Today, the United States government at last officially endorsed the U.N. Declaration on the Rights of Indigenous Peoples and joined the international community in recognizing that American Indians and other indigenous peoples have a permanent right to exist as peoples, nations, cultures and societies.
The United States is the last of the four countries that voted against the U.N. Declaration in the U.N. to reverse its position. This endorsement reflects the worldwide acceptance of indigenous peoples and our governments as a permanent part of the world community and the countries where we live. The Declaration is the most significant development in international human rights law in decades. International human rights law now recognizes the rights of indigenous peoples as peoples, including rights of self-determination, property and culture.
For me, the United States’ endorsement of the Declaration marks the culmination of over three decades of hard work by indigenous peoples and other members of the international human rights community. In 1976, when the Six Nations and I began the work of drafting and proposing a declaration to be adopted by the United Nations, we did not know that our idea would one day be universally accepted and supported first by indigenous peoples and eventually by the countries of the world. We knew of the terrible inadequacy of legal regimes and the gross violations of indigenous peoples’ human rights in most countries. We turned to international law primarily because of the need to overcome and improve national laws and practices and because of the desire to regain a place for indigenous peoples in the international community.
Our work to ensure justice for Indian nations in this country begins in earnest with the United States’ endorsement of the U.N. Declaration. To see the promise of the Declaration become a reality, we must continue to fight for laws, policies and relationships that take into account the permanent presence of Indian nations in this country, and throughout the world.
The Declaration sets an agenda for the United States and Indian nations to design a reasonable approach to a progressive realization of the duties and responsibilities in it. It serves as a guide for consultations among Indian and Alaska Native nations and U.S. governmental departments and agencies to improve the government-to-government relationship among Indian and Alaska Native nations and the United States.
In our work for Indian rights, we can and should use the U.N. Declaration on the Rights of Indigenous Peoples as a powerful affirmation of our rights. Only through continued use will its provisions become our reality. We can use the Declaration to evaluate laws that are now on the books and for laws that may be proposed. Does the law measure up to the standards of the Declaration? Does the law or bill satisfy the requirements of the Declaration? It should. And if it does not, then it should be changed or discarded.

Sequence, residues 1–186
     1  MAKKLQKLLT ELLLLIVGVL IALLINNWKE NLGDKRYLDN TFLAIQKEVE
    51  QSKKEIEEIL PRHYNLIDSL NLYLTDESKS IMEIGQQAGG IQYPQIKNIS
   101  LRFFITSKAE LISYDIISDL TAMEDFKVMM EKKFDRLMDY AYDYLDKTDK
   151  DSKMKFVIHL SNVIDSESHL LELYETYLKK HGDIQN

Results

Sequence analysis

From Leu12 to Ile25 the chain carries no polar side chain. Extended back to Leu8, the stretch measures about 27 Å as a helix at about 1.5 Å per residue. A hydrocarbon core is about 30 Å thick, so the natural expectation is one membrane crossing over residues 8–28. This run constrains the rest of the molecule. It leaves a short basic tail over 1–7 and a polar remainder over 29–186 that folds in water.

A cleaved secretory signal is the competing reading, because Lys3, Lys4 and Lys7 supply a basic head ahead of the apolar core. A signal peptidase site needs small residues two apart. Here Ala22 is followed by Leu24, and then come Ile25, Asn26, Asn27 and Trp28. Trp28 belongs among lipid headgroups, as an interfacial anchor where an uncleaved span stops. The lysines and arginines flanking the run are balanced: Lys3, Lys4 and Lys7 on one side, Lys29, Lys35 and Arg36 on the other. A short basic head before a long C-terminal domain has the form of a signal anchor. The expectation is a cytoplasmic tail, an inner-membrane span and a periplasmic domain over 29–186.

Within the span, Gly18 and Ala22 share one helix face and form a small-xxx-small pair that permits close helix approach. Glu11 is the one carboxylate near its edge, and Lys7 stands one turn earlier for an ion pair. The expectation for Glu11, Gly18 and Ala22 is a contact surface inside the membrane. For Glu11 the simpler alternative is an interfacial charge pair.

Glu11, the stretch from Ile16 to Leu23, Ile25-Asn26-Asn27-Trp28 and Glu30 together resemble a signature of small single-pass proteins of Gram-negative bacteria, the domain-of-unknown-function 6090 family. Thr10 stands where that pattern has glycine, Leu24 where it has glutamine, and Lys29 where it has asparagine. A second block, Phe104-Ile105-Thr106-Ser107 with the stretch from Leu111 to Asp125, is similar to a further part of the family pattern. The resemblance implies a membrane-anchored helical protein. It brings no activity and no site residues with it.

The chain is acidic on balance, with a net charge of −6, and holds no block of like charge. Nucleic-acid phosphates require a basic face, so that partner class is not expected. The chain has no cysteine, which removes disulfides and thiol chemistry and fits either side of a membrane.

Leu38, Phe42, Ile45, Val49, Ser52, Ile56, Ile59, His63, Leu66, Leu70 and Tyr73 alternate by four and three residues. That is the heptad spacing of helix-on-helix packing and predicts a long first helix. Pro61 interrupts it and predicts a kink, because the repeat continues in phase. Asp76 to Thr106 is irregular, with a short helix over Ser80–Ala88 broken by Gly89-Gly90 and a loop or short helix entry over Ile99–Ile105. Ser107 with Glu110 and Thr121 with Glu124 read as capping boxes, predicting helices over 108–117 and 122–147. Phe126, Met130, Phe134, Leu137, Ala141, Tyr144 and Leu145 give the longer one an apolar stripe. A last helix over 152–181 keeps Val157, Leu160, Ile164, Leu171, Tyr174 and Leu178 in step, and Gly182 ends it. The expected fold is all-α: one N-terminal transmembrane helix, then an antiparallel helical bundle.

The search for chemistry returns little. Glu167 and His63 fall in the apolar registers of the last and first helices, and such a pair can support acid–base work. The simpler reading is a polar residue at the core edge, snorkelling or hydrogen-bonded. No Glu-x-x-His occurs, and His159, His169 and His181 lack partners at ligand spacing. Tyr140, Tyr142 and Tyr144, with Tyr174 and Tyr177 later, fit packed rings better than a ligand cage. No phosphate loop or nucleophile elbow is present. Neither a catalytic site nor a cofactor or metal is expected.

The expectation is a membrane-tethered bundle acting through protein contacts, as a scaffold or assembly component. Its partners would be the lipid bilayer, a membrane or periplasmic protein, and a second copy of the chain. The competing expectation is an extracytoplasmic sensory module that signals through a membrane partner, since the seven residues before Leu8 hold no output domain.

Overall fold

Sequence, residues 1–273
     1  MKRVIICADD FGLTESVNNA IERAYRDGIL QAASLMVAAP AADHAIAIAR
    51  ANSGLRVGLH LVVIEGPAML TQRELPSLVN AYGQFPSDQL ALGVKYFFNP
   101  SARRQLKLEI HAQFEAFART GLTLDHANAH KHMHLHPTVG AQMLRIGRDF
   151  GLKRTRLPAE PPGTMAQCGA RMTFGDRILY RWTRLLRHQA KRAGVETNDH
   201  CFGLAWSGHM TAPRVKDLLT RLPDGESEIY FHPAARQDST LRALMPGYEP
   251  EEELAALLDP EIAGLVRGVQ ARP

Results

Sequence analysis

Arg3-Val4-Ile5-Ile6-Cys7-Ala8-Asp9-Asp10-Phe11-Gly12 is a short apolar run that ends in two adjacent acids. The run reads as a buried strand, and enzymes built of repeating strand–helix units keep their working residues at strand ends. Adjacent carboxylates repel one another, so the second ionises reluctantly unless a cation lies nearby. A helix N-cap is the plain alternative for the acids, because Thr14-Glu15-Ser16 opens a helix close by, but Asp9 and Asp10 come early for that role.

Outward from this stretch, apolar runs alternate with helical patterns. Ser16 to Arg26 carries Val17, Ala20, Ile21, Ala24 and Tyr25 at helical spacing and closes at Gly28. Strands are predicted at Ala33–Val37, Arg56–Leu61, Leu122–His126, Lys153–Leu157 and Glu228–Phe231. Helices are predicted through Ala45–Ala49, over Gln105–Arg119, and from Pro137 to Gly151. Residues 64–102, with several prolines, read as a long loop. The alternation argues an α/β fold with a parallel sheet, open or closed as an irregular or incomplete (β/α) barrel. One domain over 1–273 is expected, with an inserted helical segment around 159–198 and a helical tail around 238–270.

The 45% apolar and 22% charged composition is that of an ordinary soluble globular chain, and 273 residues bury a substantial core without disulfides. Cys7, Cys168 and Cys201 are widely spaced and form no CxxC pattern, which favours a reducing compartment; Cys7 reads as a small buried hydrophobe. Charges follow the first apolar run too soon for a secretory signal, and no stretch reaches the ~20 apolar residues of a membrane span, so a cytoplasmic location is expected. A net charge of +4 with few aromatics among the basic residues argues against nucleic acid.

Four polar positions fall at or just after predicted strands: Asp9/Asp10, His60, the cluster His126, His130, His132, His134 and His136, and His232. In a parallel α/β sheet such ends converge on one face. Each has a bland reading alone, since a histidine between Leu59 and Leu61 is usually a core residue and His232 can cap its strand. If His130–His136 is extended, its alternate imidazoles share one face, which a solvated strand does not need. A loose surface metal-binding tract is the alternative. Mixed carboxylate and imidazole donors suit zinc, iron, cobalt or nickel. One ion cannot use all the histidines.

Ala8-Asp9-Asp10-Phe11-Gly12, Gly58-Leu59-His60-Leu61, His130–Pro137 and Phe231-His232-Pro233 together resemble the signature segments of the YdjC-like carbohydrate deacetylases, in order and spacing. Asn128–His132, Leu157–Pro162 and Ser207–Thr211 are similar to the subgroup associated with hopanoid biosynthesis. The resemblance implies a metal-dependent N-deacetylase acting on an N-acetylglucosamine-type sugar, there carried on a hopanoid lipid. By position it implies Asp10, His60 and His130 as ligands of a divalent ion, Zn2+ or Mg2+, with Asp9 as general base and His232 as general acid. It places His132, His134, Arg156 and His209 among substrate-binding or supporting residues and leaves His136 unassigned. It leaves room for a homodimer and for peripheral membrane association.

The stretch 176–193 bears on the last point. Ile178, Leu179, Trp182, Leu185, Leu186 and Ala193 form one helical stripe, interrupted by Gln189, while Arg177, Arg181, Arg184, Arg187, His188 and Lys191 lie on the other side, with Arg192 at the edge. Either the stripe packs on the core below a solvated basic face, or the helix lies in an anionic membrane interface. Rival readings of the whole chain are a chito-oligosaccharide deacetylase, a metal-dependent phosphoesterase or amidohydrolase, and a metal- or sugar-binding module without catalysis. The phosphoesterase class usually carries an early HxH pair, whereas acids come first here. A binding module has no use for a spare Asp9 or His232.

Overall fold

The Declaration can also be used as a guide for procedures and processes in dealing with indigenous peoples. Some of the most important rights in the Declaration are the right to participate in the decision-making process and the right to be consulted on important matters relating to indigenous peoples. The rights proclaimed in the Declaration can also be used to defend against proposals and actions that violate Indian rights. The Declaration can be used in this way by all people: Indian leaders, public officials, educators and others.
The Declaration can also be used to support and advocate for positive legislation and positive government action relating to Indian peoples. In particular, the Declaration can be used as a basis for making demands that the federal government fulfill its responsibilities to tribes and carry out its obligations to promote and respect the human rights of Indian nations and tribes. Congress needs to hold hearings to examine the United States’ human rights obligations to Indians and to assess whether existing laws and policies adequately respect the rights established in international law.
Continuing to work in this way to ensure justice for Indian peoples is the best way to celebrate and honor the United States’ endorsement of the U.N. Declaration. This is a very important first step in the process. We thank all of the advocates, leaders and government officials who have made this vision of freedom and equality a reality.
For further information about the U.N. Declaration and how you can participate in its implementation, contact the Indian Law Resource Center at (202) 547-2800 or (406) 449-2006, or visit www.indianlaw.org.
Robert Tim Coulter, founder and executive director of the Indian Law Resource Center in Helena, Mont., and Washington, D.C., has practiced Indian and human rights law for more than 30 years.